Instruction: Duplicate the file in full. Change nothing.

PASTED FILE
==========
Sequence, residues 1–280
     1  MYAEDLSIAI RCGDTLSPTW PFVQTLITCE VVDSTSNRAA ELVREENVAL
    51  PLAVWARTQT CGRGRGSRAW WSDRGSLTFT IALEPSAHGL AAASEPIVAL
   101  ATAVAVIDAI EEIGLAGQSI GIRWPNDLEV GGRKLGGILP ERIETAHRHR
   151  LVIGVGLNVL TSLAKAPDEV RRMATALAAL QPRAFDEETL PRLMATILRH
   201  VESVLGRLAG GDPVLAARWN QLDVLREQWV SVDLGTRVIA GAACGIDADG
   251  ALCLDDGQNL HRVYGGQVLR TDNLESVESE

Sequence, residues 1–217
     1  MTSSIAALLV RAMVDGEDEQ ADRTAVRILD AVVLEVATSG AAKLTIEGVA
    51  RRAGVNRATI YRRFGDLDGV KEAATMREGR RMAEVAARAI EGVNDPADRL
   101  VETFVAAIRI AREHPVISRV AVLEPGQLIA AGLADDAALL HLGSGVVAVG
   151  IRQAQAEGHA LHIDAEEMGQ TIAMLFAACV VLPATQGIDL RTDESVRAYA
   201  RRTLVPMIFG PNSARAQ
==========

Sequence, residues 1–280
     1  MYAEDLSIAI RCGDTLSPTW PFVQTLITCE VVDSTSNRAA ELVREENVAL
    51  PLAVWARTQT CGRGRGSRAW WSDRGSLTFT IALEPSAHGL AAASEPIVAL
   101  ATAVAVIDAI EEIGLAGQSI GIRWPNDLEV GGRKLGGILP ERIETAHRHR
   151  LVIGVGLNVL TSLAKAPDEV RRMATALAAL QPRAFDEETL PRLMATILRH
   201  VESVLGRLAG GDPVLAARWN QLDVLREQWV SVDLGTRVIA GAACGIDADG
   251  ALCLDDGQNL HRVYGGQVLR TDNLESVESE

Sequence, residues 1–217
     1  MTSSIAALLV RAMVDGEDEQ ADRTAVRILD AVVLEVATSG AAKLTIEGVA
    51  RRAGVNRATI YRRFGDLDGV KEAATMREGR RMAEVAARAI EGVNDPADRL
   101  VETFVAAIRI AREHPVISRV AVLEPGQLIA AGLADDAALL HLGSGVVAVG
   151  IRQAQAEGHA LHIDAEEMGQ TIAMLFAACV VLPATQGIDL RTDESVRAYA
   201  RRTLVPMIFG PNSARAQ